A thousand critical details go into making a website secure. But we often overlook the most critical piece of security: usability.
“Security at the expense of usability, comes at the expense of security.” – AviD, user on Stack Exchange
Think about all the times you’ve seen someone write down their password and stick it on their monitor. If the best security is too hard to use, people will look for ways to bypass it. The best security is the security your users will actually use.
Here at Think Company, we spend all day every day thinking about your users’ experience, and security is a big part of it. Here are some of our thoughts about the interface between security and usability.
Be aware of reused passwords
The average person has roughly 27 logins to remember. Your most security-conscious users have a password manager to make sure that each password is unique. But not all of your users are that security-conscious. Many of your users reuse the same password multiple times—and attackers are smart enough to know this.
Consider using two-factor authentication
With two-factor authentication, the password (“something you know”) is backed up by a device (“something you have”). This adds another step for your user, but that step is much easier for them than trying to create and remember yet another password.
Help your Users Understand Where their Content is Being Displayed
Most people are unaware of how sensitive the content they put onto the internet can be if that content isn’t used in the way they were expecting.
Something as innocuous as a vacation beach photo could be worth thousands to a thief who now knows that that user is away from home.
For victims of domestic abuse, the consequences can be far more dire. A person might be living in a different state and using a pseudonym, but it’s possible that a “suggested friend” algorithm could surface their profile to users they’re trying to hide from.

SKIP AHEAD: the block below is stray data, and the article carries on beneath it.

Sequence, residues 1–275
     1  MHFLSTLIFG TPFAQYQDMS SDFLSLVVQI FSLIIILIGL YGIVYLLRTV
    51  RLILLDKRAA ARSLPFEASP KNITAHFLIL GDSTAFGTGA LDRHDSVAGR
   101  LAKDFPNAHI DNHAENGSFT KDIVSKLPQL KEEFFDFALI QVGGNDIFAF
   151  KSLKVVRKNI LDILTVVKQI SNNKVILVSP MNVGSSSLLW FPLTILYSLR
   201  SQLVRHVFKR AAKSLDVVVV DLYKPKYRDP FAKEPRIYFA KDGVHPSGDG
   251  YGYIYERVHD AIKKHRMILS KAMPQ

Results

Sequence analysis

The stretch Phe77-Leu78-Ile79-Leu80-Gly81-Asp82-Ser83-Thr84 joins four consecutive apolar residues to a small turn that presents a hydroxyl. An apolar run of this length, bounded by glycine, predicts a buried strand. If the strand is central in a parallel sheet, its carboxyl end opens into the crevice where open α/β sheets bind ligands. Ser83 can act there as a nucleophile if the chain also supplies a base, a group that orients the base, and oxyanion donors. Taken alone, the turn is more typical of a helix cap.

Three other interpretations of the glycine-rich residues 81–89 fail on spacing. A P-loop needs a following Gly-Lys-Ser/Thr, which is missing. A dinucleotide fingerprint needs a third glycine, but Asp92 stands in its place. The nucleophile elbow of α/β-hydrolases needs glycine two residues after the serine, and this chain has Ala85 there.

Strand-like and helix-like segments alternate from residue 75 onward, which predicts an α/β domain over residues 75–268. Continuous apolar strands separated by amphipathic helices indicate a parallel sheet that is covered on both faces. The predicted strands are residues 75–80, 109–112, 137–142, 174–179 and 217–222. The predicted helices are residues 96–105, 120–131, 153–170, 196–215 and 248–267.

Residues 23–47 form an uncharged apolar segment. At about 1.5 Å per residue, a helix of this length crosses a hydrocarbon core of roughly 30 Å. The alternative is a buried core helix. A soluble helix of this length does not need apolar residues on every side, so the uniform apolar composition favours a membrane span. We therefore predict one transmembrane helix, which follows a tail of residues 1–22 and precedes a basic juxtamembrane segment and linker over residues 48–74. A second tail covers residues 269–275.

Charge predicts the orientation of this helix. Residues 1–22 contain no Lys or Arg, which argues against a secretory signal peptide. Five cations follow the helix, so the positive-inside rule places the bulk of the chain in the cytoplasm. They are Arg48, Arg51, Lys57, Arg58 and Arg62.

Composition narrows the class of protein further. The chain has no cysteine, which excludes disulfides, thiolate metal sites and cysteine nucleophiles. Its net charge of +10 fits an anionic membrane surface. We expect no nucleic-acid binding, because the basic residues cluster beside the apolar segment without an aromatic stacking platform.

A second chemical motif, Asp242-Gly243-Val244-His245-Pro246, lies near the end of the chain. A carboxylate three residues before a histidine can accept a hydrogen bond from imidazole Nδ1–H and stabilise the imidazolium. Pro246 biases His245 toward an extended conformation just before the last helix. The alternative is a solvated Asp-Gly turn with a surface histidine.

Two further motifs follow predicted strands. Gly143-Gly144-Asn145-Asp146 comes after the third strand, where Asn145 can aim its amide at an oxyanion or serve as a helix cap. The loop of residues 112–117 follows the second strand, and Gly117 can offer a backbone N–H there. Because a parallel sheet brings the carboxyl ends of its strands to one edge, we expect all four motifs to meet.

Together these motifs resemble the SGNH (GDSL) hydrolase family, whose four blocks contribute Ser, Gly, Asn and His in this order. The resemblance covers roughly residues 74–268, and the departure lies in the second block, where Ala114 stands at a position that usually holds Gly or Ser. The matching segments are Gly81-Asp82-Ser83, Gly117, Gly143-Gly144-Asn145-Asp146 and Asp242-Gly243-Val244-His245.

Make sure you provide your users with enough information to fully understand where and how the content they post is being shared.
Provide granular controls so that they are able to easily decide who can see what. It should be easy not only for someone to hide any information they don’t want shared, but also to block and report any sort of abusive or harassing behavior.
User-test Your Interfaces to Find Security Leaks
Even the best, most powerful privacy controls aren’t effective unless users understand how to use them and what the defaults are.
If your site or app is using a new type of interaction or technology, make sure to educate your users on exactly how it works. A few slides clearly showing some do’s and don’ts can go a long way in protecting someone from embarrassment.
Test your new features before releasing them to make sure that your users are interacting with the controls in the way you expected. Do they understand what the defaults are? If they want to hide a particular piece of personal information, are they able to do it?
Good Security Design Is Great for Business
Netflix, Hulu, and Spotify have all planned for usability design with security in mind in a way that isn’t immediately apparent. The family plans they offer are actually a security feature in that they reduce the number of people sharing an account—all by offering an option that only costs a little bit more while still offering individual logins. This individual login approach protects users from giving out a password they have probably used elsewhere. It also reduces the number of unregistered users on the service.
This is a huge benefit for both the business and their customers.
Practice Defensive Design Thinking—and make it easy!
Security doesn’t have to be a hurdle for users and can actually be part of a good user experience. There will always be unknowns when dealing with complex systems that use algorithms and machine learning, but practicing defensive design thinking can make the experience better for everyone.
Security is everyone’s responsibility, from the CEO all the way down to the end user.